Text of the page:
By Tim “Shoe” Sullivan
It was the summer of ‘64.
I was a sophomore at Pacelli High School, time to go to work since I needed some cash. My classmate Barry Fecteau suggested I apply at the old Northside IGA. His dad Charlie was the manager, a great guy.
The Northside IGA was in a big building about five minutes from my house. It was located on Second St., kinda across from Belke Lumber. We called it “Igga”. The IGA was a block north of the square, and the place was always busy.
Charlie hired me immediately as a stock boy/carryout guy. I earned a couple bucks an hour—punched a time clock and everything.
I asked Charlie, “So, uh, what is it that I’m supposed to do?” He directed me to have a chat with John, the assistant manager.
John said, “Basically, your main job will be to answer two bells,” he said. “When someone is checking out their groceries, the checker will ring a buzzer twice. Drop whatever else you’re doing and go up to the front. The checker will want you to bag the groceries and carry them out to the customer’s car. If you hear the buzzer ring four times, that means get right over there ASAP…If you’re not busy bagging groceries, we might have you do other things like unload trucks, cut boxes open, stock shelves, and other things.”
John also said, “And when you’re bagging, never put the eggs on the bottom.”
There were a lot of good things to like, working at the Northside IGA. Charlie Fecteau was a wonderful man. Always upbeat and positive. My co-workers were super. Ronny Landowski, Duck Shannon, Ma Pesch, Jack Mrozinski, and Joe “Gunky” Coady, among others. The checkers were all knockouts. Homecoming Queen Katie Boyer. Barbie “Foot” Alfuth. Mimi Peck. Dorothy Raflik. and so many more. Gorgeous gals, one after the other.
The only part about Northside IGA that I didn’t like was my job.
The main problem was that I wasn’t good at anything. Zip. I hated stocking shelves, especially in the noodle section. The spaghetti noodles came in long plastic bags, and every time I’d put the noodles on the shelf, they’d slide off and I’d have to put them right back up. I almost wished to hear a two-bell instead.
Bagging groceries got old right off the bat. Part of the problem was that you would put the groceries in paper bags (no plastic option back then) while the store temperature was a fine 70 degrees. Perfect working conditions. However, you then carted the groceries to the car, and the temps outside were sometimes in the high 90’s. This meant you were constantly walking in and out of a cool place only to go outside in the scorching heat. I caught colds lots of times.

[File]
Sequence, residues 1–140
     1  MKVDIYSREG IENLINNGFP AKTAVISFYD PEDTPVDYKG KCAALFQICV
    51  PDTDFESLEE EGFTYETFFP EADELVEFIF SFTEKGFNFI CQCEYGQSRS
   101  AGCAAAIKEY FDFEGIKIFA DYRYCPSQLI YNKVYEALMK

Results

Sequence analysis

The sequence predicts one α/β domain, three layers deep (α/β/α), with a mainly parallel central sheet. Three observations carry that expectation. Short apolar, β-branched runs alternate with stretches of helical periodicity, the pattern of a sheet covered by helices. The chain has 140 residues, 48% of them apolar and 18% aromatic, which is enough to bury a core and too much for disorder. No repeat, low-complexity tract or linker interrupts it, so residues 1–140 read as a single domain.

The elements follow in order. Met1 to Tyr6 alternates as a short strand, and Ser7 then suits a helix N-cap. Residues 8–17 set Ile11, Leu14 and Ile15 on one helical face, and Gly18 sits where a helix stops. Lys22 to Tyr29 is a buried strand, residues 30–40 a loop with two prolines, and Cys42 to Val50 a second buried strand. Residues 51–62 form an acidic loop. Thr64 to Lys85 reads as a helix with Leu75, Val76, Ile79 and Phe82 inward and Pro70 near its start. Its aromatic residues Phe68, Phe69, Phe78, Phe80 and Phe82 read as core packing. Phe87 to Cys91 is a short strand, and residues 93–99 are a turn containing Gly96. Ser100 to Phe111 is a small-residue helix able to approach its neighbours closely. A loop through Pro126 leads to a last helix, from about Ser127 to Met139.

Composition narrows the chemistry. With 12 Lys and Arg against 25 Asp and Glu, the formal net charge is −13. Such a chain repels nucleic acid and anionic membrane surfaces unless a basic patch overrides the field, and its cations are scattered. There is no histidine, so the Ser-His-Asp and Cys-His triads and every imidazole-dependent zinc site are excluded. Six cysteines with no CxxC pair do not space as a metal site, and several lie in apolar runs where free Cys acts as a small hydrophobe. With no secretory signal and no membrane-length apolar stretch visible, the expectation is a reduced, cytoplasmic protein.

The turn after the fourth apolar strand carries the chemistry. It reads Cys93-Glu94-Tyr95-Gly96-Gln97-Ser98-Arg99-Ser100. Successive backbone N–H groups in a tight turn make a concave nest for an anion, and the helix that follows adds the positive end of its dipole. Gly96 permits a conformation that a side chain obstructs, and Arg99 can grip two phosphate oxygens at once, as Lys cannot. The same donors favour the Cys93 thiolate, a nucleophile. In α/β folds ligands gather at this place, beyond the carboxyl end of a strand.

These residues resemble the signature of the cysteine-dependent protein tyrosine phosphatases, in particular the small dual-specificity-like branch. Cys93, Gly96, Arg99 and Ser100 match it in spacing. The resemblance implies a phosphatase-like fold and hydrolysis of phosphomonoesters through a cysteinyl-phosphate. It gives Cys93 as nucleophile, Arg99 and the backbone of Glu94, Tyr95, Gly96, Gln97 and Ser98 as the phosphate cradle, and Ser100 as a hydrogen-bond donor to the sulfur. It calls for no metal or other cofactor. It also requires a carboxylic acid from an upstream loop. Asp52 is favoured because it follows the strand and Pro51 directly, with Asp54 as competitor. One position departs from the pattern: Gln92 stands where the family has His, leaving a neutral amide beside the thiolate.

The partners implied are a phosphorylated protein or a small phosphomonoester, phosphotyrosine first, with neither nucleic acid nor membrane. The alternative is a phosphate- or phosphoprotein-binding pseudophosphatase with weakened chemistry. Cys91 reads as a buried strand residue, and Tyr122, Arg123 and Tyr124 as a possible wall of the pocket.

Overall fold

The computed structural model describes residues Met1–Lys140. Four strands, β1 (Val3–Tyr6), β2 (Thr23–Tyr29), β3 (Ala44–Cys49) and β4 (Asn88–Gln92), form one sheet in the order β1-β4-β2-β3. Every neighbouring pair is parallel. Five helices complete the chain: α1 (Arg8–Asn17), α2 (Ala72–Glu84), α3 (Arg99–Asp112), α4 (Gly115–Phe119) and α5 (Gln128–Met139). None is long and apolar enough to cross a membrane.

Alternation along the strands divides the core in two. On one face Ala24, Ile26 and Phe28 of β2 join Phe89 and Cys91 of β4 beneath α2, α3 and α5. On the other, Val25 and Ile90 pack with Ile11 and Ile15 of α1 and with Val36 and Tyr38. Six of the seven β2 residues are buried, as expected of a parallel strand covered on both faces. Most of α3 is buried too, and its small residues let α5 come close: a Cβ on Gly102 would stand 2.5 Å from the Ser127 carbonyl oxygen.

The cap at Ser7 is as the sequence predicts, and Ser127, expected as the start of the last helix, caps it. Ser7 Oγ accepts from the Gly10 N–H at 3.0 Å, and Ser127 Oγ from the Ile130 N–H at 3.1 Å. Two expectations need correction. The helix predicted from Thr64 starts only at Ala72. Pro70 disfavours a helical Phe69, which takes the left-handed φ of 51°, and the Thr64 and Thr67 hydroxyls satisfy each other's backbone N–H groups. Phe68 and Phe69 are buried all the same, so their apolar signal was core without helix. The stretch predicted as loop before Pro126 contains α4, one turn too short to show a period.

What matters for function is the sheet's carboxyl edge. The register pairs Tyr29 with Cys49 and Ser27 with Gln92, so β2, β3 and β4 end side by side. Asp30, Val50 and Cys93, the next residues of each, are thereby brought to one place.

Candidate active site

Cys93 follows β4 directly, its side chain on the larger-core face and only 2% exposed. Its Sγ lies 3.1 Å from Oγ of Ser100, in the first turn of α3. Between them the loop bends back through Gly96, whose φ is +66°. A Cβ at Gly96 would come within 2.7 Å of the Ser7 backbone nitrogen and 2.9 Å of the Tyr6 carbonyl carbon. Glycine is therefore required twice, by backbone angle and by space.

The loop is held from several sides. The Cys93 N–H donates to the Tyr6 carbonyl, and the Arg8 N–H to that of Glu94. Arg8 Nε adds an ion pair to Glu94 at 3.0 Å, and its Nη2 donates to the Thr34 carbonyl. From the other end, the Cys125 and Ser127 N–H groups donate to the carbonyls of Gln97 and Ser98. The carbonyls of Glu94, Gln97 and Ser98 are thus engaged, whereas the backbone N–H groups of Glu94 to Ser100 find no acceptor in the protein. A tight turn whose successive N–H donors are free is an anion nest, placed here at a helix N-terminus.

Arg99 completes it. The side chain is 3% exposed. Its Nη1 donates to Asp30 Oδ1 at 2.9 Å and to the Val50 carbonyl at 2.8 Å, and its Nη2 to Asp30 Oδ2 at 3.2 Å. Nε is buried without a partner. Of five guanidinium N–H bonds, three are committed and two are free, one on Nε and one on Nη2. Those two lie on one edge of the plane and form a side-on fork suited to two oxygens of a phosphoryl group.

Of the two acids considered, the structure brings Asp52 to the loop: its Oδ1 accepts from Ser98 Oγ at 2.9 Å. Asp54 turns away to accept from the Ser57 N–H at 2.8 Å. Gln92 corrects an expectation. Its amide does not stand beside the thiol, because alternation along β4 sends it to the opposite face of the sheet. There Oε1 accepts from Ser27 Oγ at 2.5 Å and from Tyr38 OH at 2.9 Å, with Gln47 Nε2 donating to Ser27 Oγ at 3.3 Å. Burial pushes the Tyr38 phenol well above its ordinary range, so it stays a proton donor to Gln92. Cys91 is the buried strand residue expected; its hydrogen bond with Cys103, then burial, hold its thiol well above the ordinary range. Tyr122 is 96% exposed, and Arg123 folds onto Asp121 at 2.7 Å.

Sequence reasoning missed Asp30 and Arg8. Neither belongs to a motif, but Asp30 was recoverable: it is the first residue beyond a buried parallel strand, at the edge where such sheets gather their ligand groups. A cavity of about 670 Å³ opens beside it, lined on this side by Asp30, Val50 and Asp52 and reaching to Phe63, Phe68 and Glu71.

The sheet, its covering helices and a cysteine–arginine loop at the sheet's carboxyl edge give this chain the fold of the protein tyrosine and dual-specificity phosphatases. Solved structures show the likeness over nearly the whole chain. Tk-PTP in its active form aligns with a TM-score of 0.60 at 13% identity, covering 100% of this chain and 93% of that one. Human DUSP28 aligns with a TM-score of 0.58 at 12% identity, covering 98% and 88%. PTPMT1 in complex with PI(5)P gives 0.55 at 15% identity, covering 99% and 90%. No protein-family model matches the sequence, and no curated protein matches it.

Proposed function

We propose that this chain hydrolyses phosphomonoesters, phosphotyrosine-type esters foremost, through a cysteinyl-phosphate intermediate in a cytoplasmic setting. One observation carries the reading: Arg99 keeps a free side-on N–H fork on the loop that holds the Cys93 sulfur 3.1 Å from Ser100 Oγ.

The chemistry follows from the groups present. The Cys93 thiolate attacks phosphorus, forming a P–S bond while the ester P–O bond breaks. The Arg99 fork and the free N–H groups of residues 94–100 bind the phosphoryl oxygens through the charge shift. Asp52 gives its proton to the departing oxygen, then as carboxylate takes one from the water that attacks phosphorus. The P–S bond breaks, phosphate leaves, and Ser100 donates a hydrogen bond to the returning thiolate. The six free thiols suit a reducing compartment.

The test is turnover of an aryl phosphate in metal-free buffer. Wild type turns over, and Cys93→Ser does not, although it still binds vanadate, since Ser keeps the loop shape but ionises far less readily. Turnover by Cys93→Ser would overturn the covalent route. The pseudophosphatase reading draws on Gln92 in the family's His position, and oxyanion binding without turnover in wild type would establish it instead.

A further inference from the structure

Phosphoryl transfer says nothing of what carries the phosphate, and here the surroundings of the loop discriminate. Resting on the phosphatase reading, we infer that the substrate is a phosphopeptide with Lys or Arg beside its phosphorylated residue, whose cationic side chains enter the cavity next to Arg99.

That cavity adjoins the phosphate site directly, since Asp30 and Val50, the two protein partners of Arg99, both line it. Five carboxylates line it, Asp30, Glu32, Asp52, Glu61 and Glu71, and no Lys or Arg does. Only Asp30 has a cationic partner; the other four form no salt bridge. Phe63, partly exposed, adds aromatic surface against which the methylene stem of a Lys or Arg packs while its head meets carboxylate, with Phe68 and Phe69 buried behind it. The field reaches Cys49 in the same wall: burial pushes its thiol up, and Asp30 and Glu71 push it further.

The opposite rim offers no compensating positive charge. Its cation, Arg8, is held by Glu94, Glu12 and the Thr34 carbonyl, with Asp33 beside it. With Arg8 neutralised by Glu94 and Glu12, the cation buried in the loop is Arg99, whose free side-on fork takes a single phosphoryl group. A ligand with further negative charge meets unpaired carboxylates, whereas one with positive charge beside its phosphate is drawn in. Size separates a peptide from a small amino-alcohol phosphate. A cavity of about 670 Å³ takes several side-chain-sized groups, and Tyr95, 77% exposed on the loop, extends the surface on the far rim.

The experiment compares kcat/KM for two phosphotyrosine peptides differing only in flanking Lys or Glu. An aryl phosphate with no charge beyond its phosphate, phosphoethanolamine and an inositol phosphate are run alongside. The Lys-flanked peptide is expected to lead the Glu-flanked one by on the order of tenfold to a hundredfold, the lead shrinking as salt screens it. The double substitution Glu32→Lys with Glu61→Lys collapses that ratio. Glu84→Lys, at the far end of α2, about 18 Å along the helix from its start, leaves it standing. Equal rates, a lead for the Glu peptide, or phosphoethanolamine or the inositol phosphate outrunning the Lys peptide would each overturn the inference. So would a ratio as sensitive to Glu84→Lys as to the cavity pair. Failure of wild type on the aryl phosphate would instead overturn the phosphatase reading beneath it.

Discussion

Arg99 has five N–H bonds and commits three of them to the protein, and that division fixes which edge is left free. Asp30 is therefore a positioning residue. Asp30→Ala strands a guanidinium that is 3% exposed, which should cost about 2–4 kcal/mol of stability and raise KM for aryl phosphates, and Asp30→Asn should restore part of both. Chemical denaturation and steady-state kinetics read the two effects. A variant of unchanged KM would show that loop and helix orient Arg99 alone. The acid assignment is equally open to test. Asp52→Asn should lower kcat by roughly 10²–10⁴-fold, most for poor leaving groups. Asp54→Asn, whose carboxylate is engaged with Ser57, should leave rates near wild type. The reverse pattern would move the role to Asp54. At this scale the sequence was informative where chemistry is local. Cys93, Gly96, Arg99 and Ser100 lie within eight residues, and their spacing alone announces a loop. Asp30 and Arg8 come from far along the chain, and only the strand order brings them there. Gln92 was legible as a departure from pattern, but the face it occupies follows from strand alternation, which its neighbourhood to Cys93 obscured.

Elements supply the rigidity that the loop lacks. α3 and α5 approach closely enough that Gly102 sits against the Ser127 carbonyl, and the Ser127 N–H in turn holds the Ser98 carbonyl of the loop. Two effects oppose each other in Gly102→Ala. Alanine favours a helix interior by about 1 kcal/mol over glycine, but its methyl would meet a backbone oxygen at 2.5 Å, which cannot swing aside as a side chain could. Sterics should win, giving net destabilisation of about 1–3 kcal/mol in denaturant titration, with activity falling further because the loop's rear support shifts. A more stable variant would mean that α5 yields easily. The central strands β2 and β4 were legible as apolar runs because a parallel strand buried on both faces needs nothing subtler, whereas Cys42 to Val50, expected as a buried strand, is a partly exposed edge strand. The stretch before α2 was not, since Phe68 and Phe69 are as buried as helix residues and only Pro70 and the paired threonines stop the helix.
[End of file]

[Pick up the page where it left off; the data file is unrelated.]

If a customer saw a box of Wheaties which had part of the top cut off, that was one I did. Every time I tried to cut open a cardboard box, I’d wreck whatever was inside, 90 percent of the time. I told everyone I didn’t want to cut open the boxes, and I meant it.
Stocking shelves was a pain in the butt. Here’s an example: I’d be assigned to stock the jelly jars’ aisle. Sounds simple, right? I’d take the “two-wheeler” and bring the case of grape jelly jars to the jelly aisle. I’d open the box, stamp the price on the top of the jar, and gently put it up on the shelf. One had to be careful not to knock the other jars off the shelf. If you did, you had to rush back to the backroom, grab a mop, and get back out there to clean it up. And right when you’d be doing that, the damn two-bell would ring.
Sometimes, you would fill up the shelf with the jars of grape jelly, but you’d have one jar left over. It wouldn’t fit. So what to do? It always pissed me off. You’d have to take that whole box with one jar still in it and put it somewhere instead of simply throwing the empty box away. Sometimes I’d stay up at night hoping that a customer would buy one jar of grape jelly so I could put that extra jar in its place and get rid of the box once and for all.
I also was terrible at stamping prices. For starters, I always got ink all over myself. And accuracy wasn’t one of my strong points.
Assistant Manager John would politely call me into the office and ask, “Uh, did you stamp the Swanson TV dinners today?”